On Monday, Jack Dorsey announced his resignation as Twitter CEO, explaining that he has “worked hard to ensure this company can break away from its founding and founders” and that “now is the right time.”
“I want you all to know that this was my decision and I own it,” wrote Dorsey in an email to his colleagues that he then posted to Twitter. “It was a tough one for me, of course. I love this service and company… and all of you so much. I’m really sad… yet really happy. There aren’t many companies that get to this level. And there aren’t many founders that choose their company over their own ego. I know we’ll prove this was the right move.”
Dorsey co-founded Twitter in 2006. He became its CEO, but was forced from the position in 2008, and then returned in 2015. He developed the idea for Twitter as a student at New York University; the platform is now one of the top three social media apps in the United States with over 400 million users.
Despite its popularity, Twitter has also been under great scrutiny (much like Facebook) for its handling of free speech issues. Prior to the 2020 election, Twitter suppressed a New York Post exposé on Joe Biden’s son, Hunter Biden. And after the events of January 6th in Washington, D.C. earlier this year, they banned then-President Donald Trump from its platform. Twitter has been under pressure from both political parties – from the left, to engage in more content moderation, and from the right, to respect the principle of free speech.
Jack Dorsey himself has been a controversial figure for his oddities and bohemian personality.
One former employee told The New York Post that Dorsey “has too many distractions to keep him in one place right now.” And Nick Bilton, the author of Hatching Twitter, called him a “checked-out CEO.”
Dorsey will remain CEO of Square, a mobile payment company that has succeeded much more rapidly than Twitter. According to The Wall Street Journal, Square’s market value is double that of Twitter’s.
Parag Agrawal now takes the helm of Twitter as the new CEO, effective November 29, unanimously approved by the board and with high praise from Dorsey himself: “My trust in him as our CEO is bone deep.”
Agrawal is an engineer from Mumbai. He completed his undergraduate degree at the Indian Institute of Technology (IIT) Bombay and his Ph.D. in computer science from Stanford University before starting at Twitter in 2011. In 2017, the company announced he would be their new chief technology officer (CTO), a position he officially started in 2018. Prior to Twitter, he spent some time with Microsoft, Yahoo, and AT&T.
As reported by Indian Express, Agrawal’s “early work on the use of artificial intelligence to increase the relevance of tweets on Twitter timelines was well recognized.”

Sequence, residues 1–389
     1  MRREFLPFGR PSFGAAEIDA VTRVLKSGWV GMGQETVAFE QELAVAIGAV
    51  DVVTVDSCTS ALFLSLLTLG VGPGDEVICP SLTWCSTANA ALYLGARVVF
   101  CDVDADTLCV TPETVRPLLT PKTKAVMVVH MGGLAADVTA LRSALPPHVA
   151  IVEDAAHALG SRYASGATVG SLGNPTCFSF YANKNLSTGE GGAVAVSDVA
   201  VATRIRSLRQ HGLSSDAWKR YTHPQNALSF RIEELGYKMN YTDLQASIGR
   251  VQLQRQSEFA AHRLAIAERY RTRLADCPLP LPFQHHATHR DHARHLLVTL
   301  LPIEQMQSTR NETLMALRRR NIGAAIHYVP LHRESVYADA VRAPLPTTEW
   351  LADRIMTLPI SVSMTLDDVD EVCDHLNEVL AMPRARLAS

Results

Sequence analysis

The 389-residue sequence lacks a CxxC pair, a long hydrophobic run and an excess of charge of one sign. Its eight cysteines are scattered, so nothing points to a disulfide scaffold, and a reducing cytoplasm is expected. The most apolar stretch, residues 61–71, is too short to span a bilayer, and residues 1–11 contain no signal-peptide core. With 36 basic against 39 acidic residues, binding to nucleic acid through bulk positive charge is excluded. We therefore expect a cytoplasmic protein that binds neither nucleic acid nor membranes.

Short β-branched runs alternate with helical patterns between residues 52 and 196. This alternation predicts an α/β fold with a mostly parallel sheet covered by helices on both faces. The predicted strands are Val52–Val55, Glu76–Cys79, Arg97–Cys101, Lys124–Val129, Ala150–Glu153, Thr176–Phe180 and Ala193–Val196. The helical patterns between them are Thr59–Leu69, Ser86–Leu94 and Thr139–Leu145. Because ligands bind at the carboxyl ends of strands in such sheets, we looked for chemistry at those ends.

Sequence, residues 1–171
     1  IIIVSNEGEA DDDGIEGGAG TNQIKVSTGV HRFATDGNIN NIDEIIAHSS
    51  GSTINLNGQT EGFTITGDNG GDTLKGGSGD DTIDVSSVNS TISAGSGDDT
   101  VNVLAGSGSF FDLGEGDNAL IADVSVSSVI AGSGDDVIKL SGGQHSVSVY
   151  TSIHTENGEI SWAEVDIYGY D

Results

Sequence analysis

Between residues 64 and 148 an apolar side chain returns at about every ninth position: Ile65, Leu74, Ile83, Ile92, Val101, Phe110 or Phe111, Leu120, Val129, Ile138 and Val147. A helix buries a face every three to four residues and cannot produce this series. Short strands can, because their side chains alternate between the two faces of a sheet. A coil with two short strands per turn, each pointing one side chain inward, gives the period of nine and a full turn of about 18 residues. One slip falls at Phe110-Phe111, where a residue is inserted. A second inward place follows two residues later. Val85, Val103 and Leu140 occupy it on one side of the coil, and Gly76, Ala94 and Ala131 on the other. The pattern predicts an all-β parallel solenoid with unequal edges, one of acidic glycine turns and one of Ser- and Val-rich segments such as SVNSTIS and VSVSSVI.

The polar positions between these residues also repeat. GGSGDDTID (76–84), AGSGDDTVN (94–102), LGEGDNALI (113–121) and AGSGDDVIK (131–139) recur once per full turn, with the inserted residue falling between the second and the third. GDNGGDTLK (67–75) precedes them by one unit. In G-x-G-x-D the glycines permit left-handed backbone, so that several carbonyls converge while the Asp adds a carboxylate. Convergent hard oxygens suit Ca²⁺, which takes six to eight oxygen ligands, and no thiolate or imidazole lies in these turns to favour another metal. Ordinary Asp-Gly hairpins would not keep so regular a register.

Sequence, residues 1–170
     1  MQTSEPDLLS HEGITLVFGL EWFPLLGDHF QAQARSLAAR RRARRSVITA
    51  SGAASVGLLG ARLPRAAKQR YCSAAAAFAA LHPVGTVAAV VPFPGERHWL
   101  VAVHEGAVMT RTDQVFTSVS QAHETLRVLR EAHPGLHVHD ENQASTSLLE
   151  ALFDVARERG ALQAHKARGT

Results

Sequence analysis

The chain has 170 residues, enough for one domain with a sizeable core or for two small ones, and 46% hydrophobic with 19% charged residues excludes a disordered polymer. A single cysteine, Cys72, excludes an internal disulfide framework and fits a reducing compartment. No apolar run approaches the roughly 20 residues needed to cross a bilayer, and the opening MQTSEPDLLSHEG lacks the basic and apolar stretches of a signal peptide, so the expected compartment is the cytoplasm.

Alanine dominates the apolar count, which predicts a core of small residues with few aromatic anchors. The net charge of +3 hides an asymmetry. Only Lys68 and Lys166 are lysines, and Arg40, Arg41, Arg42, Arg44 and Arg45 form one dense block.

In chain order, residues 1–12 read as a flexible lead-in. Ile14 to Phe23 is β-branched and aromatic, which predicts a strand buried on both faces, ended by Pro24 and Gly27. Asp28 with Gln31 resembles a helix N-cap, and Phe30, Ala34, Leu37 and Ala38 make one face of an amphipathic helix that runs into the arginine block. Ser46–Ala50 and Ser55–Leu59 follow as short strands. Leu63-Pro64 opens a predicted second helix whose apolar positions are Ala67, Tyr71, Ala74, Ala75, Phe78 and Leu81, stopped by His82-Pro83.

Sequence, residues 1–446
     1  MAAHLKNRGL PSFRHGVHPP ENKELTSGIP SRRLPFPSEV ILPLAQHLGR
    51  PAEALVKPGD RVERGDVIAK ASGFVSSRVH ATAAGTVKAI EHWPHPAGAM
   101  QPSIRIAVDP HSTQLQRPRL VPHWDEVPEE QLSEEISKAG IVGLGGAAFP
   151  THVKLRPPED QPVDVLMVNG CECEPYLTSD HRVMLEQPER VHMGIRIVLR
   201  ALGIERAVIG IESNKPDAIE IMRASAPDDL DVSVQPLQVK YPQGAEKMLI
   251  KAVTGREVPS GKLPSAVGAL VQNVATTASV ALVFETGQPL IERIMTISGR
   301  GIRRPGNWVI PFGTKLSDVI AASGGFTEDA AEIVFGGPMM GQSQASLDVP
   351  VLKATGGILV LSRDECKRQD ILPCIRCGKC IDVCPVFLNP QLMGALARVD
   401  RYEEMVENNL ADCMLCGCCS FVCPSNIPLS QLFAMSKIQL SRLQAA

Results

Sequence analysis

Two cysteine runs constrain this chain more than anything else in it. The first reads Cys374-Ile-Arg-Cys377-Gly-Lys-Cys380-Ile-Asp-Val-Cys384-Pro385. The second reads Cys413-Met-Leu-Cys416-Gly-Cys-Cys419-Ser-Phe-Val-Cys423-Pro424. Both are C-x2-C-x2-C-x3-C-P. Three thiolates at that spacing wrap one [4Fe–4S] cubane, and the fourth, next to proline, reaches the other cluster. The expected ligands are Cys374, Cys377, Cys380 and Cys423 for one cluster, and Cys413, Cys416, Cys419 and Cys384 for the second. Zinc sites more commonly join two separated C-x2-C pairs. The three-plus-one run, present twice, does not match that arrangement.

Agrawal also made his own public announcement on Twitter, thanking Dorsey directly for the confidence he placed in him:
Thank you, Jack. I’m honored and humbled. And I’m grateful for your continued mentorship and your friendship. I’m grateful for the service that you built, the culture, soul, and purpose you fostered among us, and for leading the company through really significant challenges. I’m grateful for the trust you’ve put in me and for your continued partnership.
Agrawal comes with his own baggage, however. Conservative outlets have quickly picked up on an interview with Technology Review in November 2020, in which Agrawal spoke of Twitter’s role as creating “a healthier public conversation” by controlling whose voice can be heard online:
Our role is not to be bound by the First Amendment, but our role is to serve a healthy public conversation and our moves are reflective of things that we believe lead to a healthier public conversation. The kinds of things that we do about this is, focus less on thinking about free speech, but thinking about how the times have changed.
One of the changes today that we see is speech is easy on the internet. Most people can speak. Where our role is particularly emphasized is who can be heard. The scarce commodity is attention. There’s a lot of content out there. A lot of tweets out there, not all of it gets attention, some subset of it gets attention.
Agrawal continued to speak about ensuring Twitter’s “recommendation system… direct people’s attention” in a way that “lead(s) to a healthy public conversation.”
Dorsey will continue to serve as a board member until his term ends in 2022, at which point he will leave Twitter’s fate to its new CEO and board without his involvement and focus on Square.
A cheeky post-script in Dorsey’s email reads: “I’m tweeting this email. My one wish is for Twitter Inc to be the most transparent company in the world. Hi mom!”
You may also wish to read: Governments worldwide pressured Twitter to censor in 2020. World governments demanded the removal of content from 199 journalist sources. What has especially captured headlines has been the increase in global legal requests to remove the content of verified journalists. (Caitlin Bassett)